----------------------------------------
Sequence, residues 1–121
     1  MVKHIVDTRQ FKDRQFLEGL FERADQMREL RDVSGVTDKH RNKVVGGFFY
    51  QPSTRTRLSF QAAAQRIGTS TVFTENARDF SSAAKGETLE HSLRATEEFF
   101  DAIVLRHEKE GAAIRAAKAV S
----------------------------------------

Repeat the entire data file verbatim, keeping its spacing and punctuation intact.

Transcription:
Sequence, residues 1–121
     1  MVKHIVDTRQ FKDRQFLEGL FERADQMREL RDVSGVTDKH RNKVVGGFFY
    51  QPSTRTRLSF QAAAQRIGTS TVFTENARDF SSAAKGETLE HSLRATEEFF
   101  DAIVLRHEKE GAAIRAAKAV S